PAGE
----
The paradox of teaching is that it’s seen as noble, missionary work when it isn’t the refuge of the lazy and incompetent. We see this in how teachers are portrayed in movies—especially movies about teaching —as well as in the rhetoric pervading all sides of our current reform debates. But has it always been this way?
Well, maybe not always, but certainly for a long time. That’s the conclusion of Dana Goldstein’s new book The Teacher Wars, which provides some historical perspective to the development and treatment of the teaching profession in the U.S. Different reviews have highlighted different aspects of the book, but the running theme is that criticism and (occasionally overwrought) concern about teachers have been with us for decades, if not centuries.
One review extrapolated Goldstein’s description of teachers’ symbolic role in moral panics about education to compare the popular portrayal of teachers (and their unions) with that of “welfare queens” since the 80’s and post-9/11 Muslims. These are groups of people who are made to represent, and sometimes asked to answer for, social problems that are much broader than these groups’ actual impact.
Goldstein’s book also describes the intentional feminization of teaching (one part gendered moral essentialism and one part economics, what with women costing taxpayers 50 percent less at the time) and the destructive removal of many African-American teachers during school integration after Brown v. Board. She also discusses the rise of unions, tenure, and pensions, including the surprising-to-today’s-eyes collaboration between teachers and good government reformers of the time to create those tenure and pension systems.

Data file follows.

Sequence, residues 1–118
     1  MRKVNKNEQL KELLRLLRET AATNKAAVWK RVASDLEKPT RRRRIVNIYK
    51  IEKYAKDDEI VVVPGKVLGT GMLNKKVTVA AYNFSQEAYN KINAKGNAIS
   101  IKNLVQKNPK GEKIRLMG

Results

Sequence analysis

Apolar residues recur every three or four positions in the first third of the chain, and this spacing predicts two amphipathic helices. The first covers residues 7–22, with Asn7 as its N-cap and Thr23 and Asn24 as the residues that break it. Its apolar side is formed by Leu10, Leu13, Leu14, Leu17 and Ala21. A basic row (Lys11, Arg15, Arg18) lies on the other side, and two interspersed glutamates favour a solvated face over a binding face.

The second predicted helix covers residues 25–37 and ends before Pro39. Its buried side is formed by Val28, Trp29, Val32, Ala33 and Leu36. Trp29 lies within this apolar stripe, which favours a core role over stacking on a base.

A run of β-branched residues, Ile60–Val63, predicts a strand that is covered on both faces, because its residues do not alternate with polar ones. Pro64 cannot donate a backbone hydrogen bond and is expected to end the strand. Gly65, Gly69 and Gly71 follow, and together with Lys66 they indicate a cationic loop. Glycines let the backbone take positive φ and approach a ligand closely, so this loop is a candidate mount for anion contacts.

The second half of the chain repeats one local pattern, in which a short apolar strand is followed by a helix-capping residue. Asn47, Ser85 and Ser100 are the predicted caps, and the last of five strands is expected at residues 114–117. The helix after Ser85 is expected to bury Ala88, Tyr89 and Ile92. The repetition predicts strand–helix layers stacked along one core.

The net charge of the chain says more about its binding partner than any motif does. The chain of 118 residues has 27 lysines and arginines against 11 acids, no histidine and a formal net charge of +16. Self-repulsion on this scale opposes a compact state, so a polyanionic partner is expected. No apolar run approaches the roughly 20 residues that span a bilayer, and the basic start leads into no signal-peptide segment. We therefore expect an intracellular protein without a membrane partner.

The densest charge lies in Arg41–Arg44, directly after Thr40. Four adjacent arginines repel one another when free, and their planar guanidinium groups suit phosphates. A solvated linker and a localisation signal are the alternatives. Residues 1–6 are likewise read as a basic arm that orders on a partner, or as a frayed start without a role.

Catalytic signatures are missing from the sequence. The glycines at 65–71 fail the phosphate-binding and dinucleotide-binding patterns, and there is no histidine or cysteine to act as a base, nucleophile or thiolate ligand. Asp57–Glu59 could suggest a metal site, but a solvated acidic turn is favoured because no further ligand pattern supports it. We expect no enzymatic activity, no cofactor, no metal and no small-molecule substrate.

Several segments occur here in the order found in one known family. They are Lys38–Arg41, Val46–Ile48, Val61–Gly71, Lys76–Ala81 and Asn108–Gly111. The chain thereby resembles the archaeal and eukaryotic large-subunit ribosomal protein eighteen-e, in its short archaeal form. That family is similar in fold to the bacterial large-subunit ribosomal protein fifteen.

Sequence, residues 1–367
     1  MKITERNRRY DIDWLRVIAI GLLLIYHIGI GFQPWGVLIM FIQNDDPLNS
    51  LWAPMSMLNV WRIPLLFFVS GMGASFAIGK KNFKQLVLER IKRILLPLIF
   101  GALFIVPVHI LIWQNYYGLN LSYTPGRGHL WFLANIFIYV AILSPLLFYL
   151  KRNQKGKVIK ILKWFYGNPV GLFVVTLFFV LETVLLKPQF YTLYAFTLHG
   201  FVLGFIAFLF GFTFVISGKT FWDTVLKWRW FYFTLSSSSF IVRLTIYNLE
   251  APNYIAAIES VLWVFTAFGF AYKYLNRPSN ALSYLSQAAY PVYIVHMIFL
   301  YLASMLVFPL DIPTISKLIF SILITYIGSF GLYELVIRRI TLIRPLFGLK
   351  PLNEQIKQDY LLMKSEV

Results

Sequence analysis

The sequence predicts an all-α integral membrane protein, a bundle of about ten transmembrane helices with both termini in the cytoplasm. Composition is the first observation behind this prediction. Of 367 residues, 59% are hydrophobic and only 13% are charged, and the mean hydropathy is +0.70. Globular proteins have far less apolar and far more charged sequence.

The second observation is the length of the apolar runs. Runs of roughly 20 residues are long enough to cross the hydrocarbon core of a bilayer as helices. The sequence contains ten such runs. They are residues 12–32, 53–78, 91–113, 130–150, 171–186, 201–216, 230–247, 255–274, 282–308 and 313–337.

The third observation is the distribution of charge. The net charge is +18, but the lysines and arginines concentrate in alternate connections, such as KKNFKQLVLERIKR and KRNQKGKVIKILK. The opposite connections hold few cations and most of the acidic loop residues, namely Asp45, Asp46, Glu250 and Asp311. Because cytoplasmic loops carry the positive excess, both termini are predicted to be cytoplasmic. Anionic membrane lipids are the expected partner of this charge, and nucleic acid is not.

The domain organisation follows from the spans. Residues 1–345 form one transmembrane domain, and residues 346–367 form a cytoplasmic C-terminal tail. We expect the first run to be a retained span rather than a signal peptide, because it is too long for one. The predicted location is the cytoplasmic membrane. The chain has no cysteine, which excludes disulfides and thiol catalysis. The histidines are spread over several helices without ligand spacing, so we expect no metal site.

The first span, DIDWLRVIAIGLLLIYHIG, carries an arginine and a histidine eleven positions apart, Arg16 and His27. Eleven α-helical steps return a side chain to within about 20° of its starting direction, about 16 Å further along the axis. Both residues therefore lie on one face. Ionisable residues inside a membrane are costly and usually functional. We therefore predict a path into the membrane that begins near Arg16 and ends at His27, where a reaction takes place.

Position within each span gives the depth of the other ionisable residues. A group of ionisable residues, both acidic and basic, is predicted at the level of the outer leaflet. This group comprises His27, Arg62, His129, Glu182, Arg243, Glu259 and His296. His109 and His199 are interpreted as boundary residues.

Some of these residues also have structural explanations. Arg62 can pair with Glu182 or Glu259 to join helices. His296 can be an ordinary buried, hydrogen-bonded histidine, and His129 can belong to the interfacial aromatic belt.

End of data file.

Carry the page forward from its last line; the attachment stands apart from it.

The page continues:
She also lays out the past attempts to use testing to improve teaching, with their decidedly unimpressive results. As Goldstein put it in one interview, “In the 1920s and 1930s, we saw a huge push to evaluate and judge teachers based on kids’ test scores, and then saw it happen again in the 1960s and again in the 1980s…. And each previous time, it failed.”
Moving past rhetoric and symbolism to empower teachers and to encourage collaboration between excellent teachers and those still in the early stages of growth would serve everyone better than repeating the mistakes of years gone by. Teachers should be trusted allies, not scapegoats.